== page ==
The first option is the no-build one. Two options would allow speeds of up to 90 miles per hour, and the final two would in some sections allows speeds along the corridor of up to 110 mph and 125 mph, respectively.
Why might any of this be necessary?
The state's existing passenger rail service has "inadequate service levels," according to the study.
"For example, the trip from Buffalo to New York City can be made in less than two hours by air and under seven hours by car, compared to approximately eight hours by the existing Empire Corridor passenger service provided by Amtrak."
Trains too often run late and infrequently.
Nevertheless, ridership continues to increase and congestion is expected to worsen "as demand for intercity passenger, commuter, and freight rail services all continue to grow."
The goal of the state's High Speed Rail Empire State Corridor Program is to transform the Empire Corridor from a lumbering, inadequate system into one that is frequent, punctual and fast.
But not all that fast.
The state, working with the federal government, has whittled down ten initial options to the aforementioned five, and discarded every option that would entail maximum speeds of 160 mph and 220 mph—in other words, high-speed rail of the sort they have in countries that care more about infrastructure.
The "very high speed" alternatives "were rejected for their extremely high cost—nearly triple the next most costly alternative—the likelihood of significant community and environmental impacts, and significant engineering design difficulties necessary to create a sufficiently straight track alignment to permit those speeds," the report reads.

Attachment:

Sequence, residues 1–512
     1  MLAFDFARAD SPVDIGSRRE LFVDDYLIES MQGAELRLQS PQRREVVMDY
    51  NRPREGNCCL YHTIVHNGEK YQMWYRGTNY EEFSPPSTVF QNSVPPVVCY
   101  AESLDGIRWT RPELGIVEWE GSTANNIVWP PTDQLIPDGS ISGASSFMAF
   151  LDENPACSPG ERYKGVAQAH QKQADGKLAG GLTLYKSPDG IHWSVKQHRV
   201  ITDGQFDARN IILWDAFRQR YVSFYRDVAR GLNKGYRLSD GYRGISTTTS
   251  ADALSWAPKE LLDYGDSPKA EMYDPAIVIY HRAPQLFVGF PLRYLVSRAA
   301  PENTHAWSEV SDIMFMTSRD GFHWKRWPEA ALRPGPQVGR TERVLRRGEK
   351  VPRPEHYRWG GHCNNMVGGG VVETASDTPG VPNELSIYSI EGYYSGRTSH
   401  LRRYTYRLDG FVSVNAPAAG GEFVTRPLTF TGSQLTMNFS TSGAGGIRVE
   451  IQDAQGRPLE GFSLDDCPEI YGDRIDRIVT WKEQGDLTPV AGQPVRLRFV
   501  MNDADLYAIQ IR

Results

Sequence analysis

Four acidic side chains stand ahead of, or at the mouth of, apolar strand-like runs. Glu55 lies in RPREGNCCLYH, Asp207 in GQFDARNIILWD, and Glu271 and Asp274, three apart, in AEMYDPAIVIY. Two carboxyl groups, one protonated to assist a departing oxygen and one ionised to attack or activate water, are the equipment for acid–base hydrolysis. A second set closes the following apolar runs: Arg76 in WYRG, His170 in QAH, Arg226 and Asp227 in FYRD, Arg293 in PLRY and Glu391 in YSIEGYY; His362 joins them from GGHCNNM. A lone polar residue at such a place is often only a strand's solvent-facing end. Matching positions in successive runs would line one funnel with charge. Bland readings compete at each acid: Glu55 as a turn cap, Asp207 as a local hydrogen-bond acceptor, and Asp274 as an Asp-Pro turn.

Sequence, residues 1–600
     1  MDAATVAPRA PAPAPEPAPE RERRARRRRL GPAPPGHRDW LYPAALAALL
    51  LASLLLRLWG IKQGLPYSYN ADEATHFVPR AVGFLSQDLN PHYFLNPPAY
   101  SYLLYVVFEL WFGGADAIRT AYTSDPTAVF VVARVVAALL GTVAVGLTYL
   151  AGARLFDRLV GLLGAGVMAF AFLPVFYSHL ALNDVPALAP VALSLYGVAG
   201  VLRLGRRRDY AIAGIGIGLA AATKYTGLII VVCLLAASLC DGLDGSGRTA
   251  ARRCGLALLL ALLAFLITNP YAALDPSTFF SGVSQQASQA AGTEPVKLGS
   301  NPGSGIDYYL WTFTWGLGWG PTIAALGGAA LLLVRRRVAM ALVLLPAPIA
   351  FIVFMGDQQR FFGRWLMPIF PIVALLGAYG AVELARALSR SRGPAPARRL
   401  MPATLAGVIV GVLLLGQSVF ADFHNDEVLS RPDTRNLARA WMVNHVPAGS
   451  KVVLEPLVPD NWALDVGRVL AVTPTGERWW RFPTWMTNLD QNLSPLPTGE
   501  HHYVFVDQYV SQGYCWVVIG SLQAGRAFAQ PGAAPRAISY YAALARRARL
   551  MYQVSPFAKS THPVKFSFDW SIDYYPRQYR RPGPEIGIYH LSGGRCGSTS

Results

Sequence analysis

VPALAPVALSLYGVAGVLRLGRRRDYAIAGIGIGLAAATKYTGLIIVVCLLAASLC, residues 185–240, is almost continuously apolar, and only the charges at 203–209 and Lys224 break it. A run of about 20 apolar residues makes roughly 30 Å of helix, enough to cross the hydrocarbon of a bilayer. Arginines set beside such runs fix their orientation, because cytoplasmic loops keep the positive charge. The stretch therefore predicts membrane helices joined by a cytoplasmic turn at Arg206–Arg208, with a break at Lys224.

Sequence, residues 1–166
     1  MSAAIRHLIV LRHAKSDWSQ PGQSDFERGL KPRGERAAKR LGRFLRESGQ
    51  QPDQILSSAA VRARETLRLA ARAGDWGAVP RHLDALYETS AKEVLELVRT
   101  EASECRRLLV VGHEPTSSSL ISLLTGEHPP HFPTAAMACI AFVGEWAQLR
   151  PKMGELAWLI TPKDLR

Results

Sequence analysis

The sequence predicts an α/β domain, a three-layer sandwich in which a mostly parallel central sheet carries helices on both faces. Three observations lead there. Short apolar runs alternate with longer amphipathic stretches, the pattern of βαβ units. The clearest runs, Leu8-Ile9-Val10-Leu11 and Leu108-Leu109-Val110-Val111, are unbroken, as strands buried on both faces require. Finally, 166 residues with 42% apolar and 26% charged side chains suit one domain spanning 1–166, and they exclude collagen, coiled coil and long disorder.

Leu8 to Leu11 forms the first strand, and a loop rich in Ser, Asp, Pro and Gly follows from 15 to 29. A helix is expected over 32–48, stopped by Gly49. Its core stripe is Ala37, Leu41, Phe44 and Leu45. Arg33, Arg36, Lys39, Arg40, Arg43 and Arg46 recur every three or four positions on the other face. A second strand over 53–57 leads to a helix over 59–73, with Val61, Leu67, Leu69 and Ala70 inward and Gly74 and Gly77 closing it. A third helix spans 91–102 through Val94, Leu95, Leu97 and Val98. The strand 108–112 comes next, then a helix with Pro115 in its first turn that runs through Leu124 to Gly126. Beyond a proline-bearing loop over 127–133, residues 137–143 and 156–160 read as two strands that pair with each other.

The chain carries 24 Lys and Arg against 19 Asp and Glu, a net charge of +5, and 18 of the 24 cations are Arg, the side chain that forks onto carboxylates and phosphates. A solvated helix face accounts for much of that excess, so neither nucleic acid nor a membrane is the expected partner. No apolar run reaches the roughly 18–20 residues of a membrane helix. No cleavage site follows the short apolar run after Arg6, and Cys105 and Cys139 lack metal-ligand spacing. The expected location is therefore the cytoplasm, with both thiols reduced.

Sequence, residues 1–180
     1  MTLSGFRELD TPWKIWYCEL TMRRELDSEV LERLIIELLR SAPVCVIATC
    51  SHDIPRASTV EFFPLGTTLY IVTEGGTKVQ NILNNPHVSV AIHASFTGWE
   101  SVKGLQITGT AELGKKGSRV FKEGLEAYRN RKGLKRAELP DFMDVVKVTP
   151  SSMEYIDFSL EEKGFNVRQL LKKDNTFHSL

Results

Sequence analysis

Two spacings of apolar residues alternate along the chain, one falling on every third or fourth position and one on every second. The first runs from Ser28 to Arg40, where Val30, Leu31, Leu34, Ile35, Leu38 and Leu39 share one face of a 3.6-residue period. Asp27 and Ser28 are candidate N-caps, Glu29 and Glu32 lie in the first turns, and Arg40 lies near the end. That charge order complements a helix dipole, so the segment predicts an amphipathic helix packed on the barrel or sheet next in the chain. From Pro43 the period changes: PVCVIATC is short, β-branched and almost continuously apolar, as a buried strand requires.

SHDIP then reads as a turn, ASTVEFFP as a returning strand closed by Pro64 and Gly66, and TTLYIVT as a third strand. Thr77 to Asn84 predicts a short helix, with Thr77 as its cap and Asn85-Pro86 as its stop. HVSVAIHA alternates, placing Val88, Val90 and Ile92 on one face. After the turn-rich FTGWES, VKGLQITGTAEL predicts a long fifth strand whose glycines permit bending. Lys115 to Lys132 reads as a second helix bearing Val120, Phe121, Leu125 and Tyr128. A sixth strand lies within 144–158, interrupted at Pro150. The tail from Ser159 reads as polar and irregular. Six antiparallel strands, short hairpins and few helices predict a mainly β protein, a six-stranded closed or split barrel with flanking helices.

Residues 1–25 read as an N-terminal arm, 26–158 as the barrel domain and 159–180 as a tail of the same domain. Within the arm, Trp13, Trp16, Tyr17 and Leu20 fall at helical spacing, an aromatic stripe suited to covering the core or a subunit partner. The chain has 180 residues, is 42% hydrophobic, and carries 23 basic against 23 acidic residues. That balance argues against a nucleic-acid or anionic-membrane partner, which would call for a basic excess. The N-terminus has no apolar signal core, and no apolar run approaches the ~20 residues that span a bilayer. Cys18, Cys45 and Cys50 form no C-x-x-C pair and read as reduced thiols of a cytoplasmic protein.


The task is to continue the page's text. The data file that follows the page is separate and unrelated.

Here, in rough outline, is what's left:
The "base" do-nothing option, with average speeds of 51 mph and nine-hour travel times from New York City to Niagara Falls.
There's a $1.66 billion option that would add 64 miles of new mainline track, allowing speeds of up to 90 miles per hour between Schenectady and Buffalo, but with an average speed of 57 mph. The New York City to Niagara trip would take eight hours.
There's a $5.58 billion alternative that would add a dedicated passenger track for 273 miles between Schenectady and Buffalo, allow train speeds of up to 90 mph and increase the average speed to 61 mph. The trip to Niagara Falls would take seven-and-a-half hours.
There's a $6.25 billion option that would also add a new fourth main track in some locations, allow maximum speeds of up to 110 mph, and an average speed of 63 mph. The trip to Niagara Falls would take slightly less than seven-and-a-half hours.
And, finally, the $14.71 billion option: a two-track, grade-separated, 283-mile corridor between Albany and a new Buffalo station, some of it along new elevated tracks. Average speeds would hit 108 mph for non-Amtrak trains between Albany and Buffalo. Trains in some places would hit maximum speeds of 125 miles per hour, with the overall average speed hitting 77 mph on the express track (53 on the local). The travel time to Niagara would, on the express tracks, fall to six hours.
Public hearings will be held on these options in March.
"Is high-speed rail really a reality in New York State?" Dilan said, in a follow-up interview. "I don't think so, personally."